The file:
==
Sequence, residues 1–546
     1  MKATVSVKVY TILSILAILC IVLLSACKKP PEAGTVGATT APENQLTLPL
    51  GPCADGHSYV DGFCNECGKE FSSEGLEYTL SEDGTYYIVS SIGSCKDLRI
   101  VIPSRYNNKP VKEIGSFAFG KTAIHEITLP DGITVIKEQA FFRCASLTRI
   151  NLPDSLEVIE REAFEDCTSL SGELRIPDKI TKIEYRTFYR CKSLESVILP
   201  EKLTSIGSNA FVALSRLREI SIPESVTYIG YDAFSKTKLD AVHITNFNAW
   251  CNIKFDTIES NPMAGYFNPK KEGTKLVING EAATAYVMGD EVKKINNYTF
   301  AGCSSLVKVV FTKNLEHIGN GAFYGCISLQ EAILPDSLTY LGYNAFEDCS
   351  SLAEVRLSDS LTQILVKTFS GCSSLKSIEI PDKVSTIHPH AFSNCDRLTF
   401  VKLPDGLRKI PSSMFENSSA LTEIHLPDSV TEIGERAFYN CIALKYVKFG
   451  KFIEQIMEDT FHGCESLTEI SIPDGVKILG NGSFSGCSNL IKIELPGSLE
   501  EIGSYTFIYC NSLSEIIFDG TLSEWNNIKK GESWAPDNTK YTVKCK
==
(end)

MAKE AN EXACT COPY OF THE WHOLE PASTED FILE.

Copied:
Sequence, residues 1–546
     1  MKATVSVKVY TILSILAILC IVLLSACKKP PEAGTVGATT APENQLTLPL
    51  GPCADGHSYV DGFCNECGKE FSSEGLEYTL SEDGTYYIVS SIGSCKDLRI
   101  VIPSRYNNKP VKEIGSFAFG KTAIHEITLP DGITVIKEQA FFRCASLTRI
   151  NLPDSLEVIE REAFEDCTSL SGELRIPDKI TKIEYRTFYR CKSLESVILP
   201  EKLTSIGSNA FVALSRLREI SIPESVTYIG YDAFSKTKLD AVHITNFNAW
   251  CNIKFDTIES NPMAGYFNPK KEGTKLVING EAATAYVMGD EVKKINNYTF
   301  AGCSSLVKVV FTKNLEHIGN GAFYGCISLQ EAILPDSLTY LGYNAFEDCS
   351  SLAEVRLSDS LTQILVKTFS GCSSLKSIEI PDKVSTIHPH AFSNCDRLTF
   401  VKLPDGLRKI PSSMFENSSA LTEIHLPDSV TEIGERAFYN CIALKYVKFG
   451  KFIEQIMEDT FHGCESLTEI SIPDGVKILG NGSFSGCSNL IKIELPGSLE
   501  EIGSYTFIYC NSLSEIIFDG TLSEWNNIKK GESWAPDNTK YTVKCK